Former Starbucks CEO Howard Schultz announced that he’ll be ending his 2020 presidential run as an Independent. Learn more about the former candidate and his reasons for quitting his campaign.
UPDATE, September 6 2019, 8:40am ET: Former Starbucks CEO Howard Shultz, 66, announced on September 6 that he would be ending his run for president as an Independent candidate. In a lengthy letter on his website, Shultz wrote, “”My belief in the need to reform our two-party system has not wavered, but I have concluded that an independent campaign for the White House is not how I can best serve our country at this time.” He went on to write that “”not enough people today are willing to consider backing an independent candidate because they fear doing so might lead to re-electing a uniquely dangerous incumbent president.”
Shultz also cited a back injury in April 2019 that resulted in three surgeries, preventing him from traveling to campaign and meet constituents this summer. He ended the letter with, “As we elevate humanity in every corner of our lives, let us create a truly magnificent future for America.”
ORIGINAL: While describing himself as a “lifelong” Democrat, former Starbucks CEO faced backlash from the party after telling The New York Times that he was planning to run for president as an Independent. Here’s everything you need to know about the forthcoming candidate:
1. He stepped down as Starbucks as CEO in June 2018 and in doing so, teased his presidential run. In a memo announcing his exit, Schultz wrote, “I’ll be thinking about a range of options for myself, from philanthropy to public service, but I’m a long way from knowing what the future holds.”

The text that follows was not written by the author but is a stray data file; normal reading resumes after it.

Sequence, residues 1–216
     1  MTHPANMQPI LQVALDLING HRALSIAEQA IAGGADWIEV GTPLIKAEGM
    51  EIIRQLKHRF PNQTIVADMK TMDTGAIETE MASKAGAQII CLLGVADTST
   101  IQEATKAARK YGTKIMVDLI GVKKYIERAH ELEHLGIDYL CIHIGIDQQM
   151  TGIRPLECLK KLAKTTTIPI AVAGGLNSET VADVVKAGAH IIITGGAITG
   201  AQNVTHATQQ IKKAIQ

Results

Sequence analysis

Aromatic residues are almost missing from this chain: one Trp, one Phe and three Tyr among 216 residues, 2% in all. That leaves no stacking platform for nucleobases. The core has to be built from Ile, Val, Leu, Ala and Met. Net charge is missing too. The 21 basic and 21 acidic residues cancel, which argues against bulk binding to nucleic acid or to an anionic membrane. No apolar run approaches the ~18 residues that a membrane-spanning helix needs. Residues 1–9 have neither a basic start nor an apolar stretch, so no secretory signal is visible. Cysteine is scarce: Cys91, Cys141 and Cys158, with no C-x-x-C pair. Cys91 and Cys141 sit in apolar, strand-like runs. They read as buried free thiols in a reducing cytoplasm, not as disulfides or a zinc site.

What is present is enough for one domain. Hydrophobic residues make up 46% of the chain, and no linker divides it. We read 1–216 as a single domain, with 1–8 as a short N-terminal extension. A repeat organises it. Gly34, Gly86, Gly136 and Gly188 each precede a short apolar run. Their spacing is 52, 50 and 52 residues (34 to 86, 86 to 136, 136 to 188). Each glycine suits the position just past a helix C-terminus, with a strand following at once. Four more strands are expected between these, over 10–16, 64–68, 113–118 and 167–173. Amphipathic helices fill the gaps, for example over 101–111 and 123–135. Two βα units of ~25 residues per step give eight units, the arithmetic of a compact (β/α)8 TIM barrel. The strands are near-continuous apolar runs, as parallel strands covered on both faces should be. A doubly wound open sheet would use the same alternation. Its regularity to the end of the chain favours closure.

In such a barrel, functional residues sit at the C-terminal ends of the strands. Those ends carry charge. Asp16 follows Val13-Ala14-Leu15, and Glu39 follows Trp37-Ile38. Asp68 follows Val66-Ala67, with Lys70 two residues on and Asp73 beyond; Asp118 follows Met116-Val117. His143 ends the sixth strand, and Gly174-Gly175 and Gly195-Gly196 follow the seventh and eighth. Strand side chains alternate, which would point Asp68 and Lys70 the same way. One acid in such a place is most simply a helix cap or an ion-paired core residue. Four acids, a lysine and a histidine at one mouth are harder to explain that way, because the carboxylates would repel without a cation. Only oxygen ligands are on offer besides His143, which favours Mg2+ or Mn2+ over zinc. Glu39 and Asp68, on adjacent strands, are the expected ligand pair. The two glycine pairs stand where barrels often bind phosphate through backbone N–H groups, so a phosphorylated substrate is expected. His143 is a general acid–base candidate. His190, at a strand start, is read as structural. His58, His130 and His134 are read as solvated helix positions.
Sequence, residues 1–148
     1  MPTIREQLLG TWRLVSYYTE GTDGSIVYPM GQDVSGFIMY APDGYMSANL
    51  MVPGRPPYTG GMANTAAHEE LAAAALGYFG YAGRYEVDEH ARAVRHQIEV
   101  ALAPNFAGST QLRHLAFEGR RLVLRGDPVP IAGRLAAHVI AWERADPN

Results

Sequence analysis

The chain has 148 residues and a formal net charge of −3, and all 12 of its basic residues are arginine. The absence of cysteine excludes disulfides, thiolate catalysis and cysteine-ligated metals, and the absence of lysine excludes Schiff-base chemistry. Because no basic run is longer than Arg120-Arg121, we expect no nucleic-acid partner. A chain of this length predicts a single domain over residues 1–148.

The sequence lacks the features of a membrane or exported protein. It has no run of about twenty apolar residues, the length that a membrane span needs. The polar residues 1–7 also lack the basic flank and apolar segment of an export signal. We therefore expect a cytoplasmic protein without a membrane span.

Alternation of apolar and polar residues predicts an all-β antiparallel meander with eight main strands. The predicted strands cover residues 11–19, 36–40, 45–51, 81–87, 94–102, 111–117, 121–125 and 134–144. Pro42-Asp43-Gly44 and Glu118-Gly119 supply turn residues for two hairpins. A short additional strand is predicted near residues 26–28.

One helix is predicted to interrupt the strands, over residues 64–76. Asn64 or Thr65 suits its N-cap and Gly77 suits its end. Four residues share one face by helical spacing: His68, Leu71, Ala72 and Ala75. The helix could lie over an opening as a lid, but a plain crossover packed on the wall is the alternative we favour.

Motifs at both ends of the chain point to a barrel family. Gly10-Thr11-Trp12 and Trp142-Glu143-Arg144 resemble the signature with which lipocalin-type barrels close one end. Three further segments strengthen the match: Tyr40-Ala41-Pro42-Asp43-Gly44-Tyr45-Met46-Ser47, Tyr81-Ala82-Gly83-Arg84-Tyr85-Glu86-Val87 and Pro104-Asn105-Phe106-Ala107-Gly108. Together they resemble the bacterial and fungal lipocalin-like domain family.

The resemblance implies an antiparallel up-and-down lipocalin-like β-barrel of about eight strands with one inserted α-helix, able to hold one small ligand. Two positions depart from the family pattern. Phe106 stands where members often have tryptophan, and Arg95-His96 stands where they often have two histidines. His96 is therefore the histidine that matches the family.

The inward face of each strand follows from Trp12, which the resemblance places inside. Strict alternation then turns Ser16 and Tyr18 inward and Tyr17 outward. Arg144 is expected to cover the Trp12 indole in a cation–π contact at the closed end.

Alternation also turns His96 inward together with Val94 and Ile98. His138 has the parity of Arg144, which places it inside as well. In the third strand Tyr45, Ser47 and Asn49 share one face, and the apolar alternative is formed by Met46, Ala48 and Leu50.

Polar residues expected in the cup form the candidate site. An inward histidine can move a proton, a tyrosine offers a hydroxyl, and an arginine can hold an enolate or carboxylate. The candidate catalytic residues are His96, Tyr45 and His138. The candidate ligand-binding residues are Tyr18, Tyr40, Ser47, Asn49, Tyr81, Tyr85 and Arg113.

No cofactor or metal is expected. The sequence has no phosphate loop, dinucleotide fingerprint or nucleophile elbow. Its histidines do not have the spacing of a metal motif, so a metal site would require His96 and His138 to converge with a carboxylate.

2. He stood up to Donald Trump’s restrictive immigration policy in 2017 by announcing that Starbucks would hire 10,000 immigrants over the next five years. “We have a long history of hiring young people looking for opportunities and a pathway to a new life around the world,” he wrote in a statement. “This is why we are doubling down on this commitment by working with our equity market employees as well as joint venture and licensed market partners in a concerted effort to welcome and seek opportunities for those fleeing war, violence, persecution and discrimination.”
3. He has responded to detractors saying that claim that his Independent run would undermine a Democratic candidate. “I am certainly prepared for the cynics and the naysayers to come out and say this cannot be done,” he told the New York Times. “I don’t agree with them. I think it’s un-American to say it can’t be done. I’m not doing this to be a spoiler.”
4. However, it’s not entirely sure he’ll run. He also told the New York Times that he’d taking an upcoming three-month book tour to make up his mind about tossing his hat into the ring.
5. He’s seeking those feeling disenfranchised by both parties. “Republicans and Democrats alike — who no longer see themselves as part of the far extreme of the far right and the far left — are looking for a home,” he also told the New York Times. “The word ‘independent,’ for me, is simply a designation on the ballot.”